The IMG Academy would be the home of each of the league’s 12 teams and serve as a single site for training camp, games and housing. The league stated that its number one priority remains the health and safety of the players and staff in the face of the COVID-19 pandemic. In that vein, it is working with medical professionals and government officials on a comprehensive set of guidelines to ensure that appropriate medical protocols and protections are in place. Collectively, they will review the appropriate health and safety protocols and make necessary changes prior to the teams arriving on site for the start of training camp and throughout the season.

Be that as it may, players still have the freedom to make their own decisions. The Sun stands behind Jones and her decision.

“On behalf of our entire organization, we fully support JJ’s difficult decision to sit out the 2020 WNBA season during these unprecedented times,” said Sun General Manager and Head Coach Curt Miller. “We recognize the amount of unique challenges, sacrifices, and unknowns this season presents, and from the top down, there is an unwavering commitment to support each player’s respective decision. We look forward to having JJ back leading us next summer.”

On June 15, the WNBA announced plans to tip off the 2020 season, which included the single site location for the games, an update on player salary and benefits and that the season will feature a “bold commitment to social justice” in the face of the social injustice tension currently dispersed throughout the United States.

Less than a week later, Jones, who is with family in Grand Bahama, announced her intention not to play. She has yet to state her intention to return to Russian club team UMMC Ekaterinburg in the Russian Premier League this fall or to suit up for Bosnia and Herzegovina women’s national basketball team in their next scheduled game in November.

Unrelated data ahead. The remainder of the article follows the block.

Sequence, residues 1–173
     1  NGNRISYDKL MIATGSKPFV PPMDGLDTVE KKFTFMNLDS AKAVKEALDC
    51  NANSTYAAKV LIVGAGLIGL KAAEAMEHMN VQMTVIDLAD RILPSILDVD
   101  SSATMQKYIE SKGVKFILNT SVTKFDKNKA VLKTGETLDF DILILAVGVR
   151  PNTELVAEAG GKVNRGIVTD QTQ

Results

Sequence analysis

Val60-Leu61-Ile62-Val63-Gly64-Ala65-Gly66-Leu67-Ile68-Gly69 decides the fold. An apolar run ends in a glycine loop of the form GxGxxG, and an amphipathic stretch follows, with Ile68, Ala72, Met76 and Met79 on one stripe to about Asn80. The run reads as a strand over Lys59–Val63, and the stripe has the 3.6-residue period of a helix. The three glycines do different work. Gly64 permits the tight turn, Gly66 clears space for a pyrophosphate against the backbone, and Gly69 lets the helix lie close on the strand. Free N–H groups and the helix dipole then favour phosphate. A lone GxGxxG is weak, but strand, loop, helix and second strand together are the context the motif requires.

In her first meaningful game with Bosnia and Herzegovina, Jones led them with 26 points on 10-for-14 shooting and added 16 rebounds in an 80-61 win for them over Switzerland. Bosnia and Herzegovina currently leads its four-team group in qualifying for FIBA Women’s EuroBasket 2021. Also in the group are Russia and Estonia.

Bosnia and Herzegovina is scheduled to take on Estonia on November 12 at home and Russia on November 15 at home, but the status of those games are up in the air given the presence of the COVID-19 pandemic. During this time, all FIBA (International Basketball Federation) qualifying games have been postponed.

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Sheldon Longley

Sheldon Longley joined The Nassau Guardian in January 2001 as a sports reporter. He was promoted to sports editor in 2008. Sheldon has an extensive background in sports reporting. He covered three Olympic Games and three world championships, along with multiple smaller regional and local games.